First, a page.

Tech edge to cataract surgery makes it easier, more accurate | health and fitness | Hindustan Times
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Tech edge to cataract surgery makes it easier, more accurate

Cataract surgery has come a long way. From the use of hand-held blades a decade ago to the use of bladeless technology in the form of laser. Medanta hospital has introduced a new cataract suite which is virtually seven machines in one.

health and fitness Updated: Feb 24, 2014 01:44 IST
Rhythma Kaul

Medanta hospital has introduced a new cataract suite which is virtually seven machines in one.

Cataract surgery has come a long way. From the use of hand-held blades a decade ago to the use of bladeless technology in the form of laser, and from there to the very recent advancements in the type of operating machines and software, cataract surgery has become safer, more accurate and hassle free. The surgery these days is fully computer-guided.

"We have a perfectly integrated system now, wherein imaging, scanning, planning and delivery, everything is in conjunction. One machine is able to do the work of four people who were on four different consoles that reduces chances of human error significantly," said Dr Sudipto Pakrasi, chairman, Medanta ophthalmology division, who has done six procedures using the new Verion machine.

The system also has the most advanced software in the world which helps surgeons give exact positioning of the person’s eye even when he or she is lying on the table for the procedure.

"Positioning of the lens is extremely important for best results post-surgery, and this software helps us figure out the exact location where the lens needs to be placed," Dr Pakrasi explained.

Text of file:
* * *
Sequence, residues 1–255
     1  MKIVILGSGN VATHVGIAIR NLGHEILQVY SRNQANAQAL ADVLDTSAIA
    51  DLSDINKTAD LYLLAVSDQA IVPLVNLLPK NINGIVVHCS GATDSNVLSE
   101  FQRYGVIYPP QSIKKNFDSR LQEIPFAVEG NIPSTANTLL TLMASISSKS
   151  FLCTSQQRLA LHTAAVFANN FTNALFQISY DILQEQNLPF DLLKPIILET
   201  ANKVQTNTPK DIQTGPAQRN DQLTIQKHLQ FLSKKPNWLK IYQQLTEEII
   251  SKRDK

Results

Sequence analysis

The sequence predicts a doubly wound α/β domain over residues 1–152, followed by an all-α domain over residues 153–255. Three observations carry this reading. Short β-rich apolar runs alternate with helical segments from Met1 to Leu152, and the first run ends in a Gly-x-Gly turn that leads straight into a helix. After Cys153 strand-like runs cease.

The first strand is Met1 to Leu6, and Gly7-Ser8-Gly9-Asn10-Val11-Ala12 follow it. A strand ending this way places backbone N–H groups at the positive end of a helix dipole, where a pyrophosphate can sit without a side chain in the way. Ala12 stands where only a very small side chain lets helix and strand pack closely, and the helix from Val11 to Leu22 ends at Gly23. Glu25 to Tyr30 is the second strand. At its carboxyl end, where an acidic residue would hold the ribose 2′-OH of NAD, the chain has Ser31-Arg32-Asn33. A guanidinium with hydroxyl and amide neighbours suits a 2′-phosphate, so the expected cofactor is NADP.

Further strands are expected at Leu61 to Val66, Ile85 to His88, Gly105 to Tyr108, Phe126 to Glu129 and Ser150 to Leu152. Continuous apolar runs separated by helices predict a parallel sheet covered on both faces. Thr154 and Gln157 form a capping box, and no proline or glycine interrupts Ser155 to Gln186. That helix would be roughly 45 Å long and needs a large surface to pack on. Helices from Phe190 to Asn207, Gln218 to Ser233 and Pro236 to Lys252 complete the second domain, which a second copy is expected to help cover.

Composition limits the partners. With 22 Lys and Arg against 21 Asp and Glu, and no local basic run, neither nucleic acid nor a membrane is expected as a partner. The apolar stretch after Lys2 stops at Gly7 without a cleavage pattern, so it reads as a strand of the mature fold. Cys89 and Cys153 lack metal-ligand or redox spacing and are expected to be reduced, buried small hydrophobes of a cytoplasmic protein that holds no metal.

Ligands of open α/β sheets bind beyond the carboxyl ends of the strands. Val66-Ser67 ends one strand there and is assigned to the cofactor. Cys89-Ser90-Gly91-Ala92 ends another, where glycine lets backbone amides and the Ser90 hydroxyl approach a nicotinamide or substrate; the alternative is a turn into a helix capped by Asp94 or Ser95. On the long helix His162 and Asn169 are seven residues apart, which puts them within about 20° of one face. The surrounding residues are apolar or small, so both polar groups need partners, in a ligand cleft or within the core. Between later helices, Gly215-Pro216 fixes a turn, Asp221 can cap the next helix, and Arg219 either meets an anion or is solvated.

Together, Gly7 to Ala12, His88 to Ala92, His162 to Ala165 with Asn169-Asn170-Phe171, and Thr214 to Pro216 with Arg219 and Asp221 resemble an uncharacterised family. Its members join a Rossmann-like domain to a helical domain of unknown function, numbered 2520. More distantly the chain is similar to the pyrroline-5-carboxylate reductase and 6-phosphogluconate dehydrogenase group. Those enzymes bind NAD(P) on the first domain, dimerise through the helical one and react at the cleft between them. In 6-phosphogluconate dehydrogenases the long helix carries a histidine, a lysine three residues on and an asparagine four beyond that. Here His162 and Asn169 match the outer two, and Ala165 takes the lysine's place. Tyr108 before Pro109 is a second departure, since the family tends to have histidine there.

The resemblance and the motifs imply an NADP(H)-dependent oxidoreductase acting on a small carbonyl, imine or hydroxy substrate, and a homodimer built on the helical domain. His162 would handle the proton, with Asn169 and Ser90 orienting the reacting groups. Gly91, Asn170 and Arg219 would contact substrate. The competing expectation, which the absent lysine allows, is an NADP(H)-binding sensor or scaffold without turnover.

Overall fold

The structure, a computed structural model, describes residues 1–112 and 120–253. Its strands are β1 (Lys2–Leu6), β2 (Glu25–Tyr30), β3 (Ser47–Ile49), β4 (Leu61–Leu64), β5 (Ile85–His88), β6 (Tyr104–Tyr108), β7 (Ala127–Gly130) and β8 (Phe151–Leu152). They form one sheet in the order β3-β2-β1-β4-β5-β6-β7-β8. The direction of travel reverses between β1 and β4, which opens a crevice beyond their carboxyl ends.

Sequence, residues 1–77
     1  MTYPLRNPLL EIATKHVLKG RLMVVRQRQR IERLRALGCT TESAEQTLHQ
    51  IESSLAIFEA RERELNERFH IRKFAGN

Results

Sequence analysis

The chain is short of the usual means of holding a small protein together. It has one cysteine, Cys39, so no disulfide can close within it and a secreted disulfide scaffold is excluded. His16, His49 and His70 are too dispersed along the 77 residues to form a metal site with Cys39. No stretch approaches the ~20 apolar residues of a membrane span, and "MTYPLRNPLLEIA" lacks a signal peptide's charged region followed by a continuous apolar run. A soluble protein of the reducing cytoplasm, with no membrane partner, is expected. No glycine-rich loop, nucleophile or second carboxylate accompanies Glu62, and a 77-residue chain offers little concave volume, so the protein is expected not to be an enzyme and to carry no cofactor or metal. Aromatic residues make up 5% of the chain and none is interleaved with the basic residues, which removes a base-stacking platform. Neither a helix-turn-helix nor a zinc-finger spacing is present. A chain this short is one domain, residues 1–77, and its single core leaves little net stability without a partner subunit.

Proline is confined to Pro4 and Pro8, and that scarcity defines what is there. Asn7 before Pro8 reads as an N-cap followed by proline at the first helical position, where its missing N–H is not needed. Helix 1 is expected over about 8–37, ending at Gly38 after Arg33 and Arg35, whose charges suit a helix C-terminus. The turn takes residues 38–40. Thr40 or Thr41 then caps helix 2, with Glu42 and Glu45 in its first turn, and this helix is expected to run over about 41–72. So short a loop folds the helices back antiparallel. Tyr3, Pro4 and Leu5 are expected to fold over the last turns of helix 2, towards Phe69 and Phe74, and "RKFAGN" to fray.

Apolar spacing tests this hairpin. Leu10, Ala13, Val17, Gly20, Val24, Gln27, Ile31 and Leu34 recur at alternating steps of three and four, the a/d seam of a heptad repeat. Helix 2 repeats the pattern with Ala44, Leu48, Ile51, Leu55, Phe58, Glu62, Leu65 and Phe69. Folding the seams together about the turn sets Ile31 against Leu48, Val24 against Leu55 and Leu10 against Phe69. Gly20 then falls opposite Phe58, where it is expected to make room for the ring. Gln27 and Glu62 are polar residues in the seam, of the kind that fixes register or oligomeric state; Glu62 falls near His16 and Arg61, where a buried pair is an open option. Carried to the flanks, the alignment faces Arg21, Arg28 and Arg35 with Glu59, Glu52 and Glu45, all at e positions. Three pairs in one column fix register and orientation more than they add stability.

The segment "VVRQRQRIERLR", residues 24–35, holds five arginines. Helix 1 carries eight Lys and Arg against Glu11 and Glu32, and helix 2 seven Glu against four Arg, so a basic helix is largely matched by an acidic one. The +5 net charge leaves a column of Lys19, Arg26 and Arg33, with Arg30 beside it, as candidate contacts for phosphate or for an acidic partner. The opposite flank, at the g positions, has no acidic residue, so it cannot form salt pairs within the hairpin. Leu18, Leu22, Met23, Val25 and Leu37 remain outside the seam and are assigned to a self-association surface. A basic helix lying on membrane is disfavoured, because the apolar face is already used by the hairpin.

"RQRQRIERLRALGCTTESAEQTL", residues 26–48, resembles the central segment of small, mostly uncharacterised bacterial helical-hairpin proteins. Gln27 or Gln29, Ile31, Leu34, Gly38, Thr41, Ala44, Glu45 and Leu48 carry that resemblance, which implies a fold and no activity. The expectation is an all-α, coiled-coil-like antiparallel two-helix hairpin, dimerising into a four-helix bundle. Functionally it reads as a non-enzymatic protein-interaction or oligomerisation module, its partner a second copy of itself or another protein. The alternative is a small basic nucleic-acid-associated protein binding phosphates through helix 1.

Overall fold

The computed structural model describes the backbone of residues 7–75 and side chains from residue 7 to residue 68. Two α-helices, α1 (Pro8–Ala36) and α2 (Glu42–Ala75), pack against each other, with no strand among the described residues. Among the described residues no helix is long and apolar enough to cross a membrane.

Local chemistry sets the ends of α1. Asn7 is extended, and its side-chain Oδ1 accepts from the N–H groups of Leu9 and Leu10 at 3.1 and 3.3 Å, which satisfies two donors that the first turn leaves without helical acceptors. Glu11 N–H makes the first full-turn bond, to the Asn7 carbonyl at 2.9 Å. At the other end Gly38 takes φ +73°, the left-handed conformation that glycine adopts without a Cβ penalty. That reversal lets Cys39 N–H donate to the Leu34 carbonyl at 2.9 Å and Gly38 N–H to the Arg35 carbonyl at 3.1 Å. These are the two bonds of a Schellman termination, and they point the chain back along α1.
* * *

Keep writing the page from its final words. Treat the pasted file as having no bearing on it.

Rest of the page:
The eye centres these days are ensuring people get quality treatment at par with international standards, especially when they are willing to pay for the services.

The Centre for Sight chain of eye hospitals in the country also installed the Femto-Second laser cataract removal technique, soon after it received US Food and Drug Administration (FDA) approval in the end of 2010.

The use of this technique results in better outcome in terms of quality of vision and surgical precision than earlier forms of cataract treatments in practice.

"The new technique has been entirely machine-assisted, resulting in better accuracy and improvement of the quality of vision post-surgery and has been giving consistent results," said Dr Mahipal S. Sachdev, chairman, Centre for Sight.

"As there is no use of blade and no loss of blood, the risk of infection has significantly come down and recovery has become much faster," he added.

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However, the steep price in comparison to the conventional cataract surgery still makes laser a niche treatment procedure as it costs approximately Rs 50,000 more.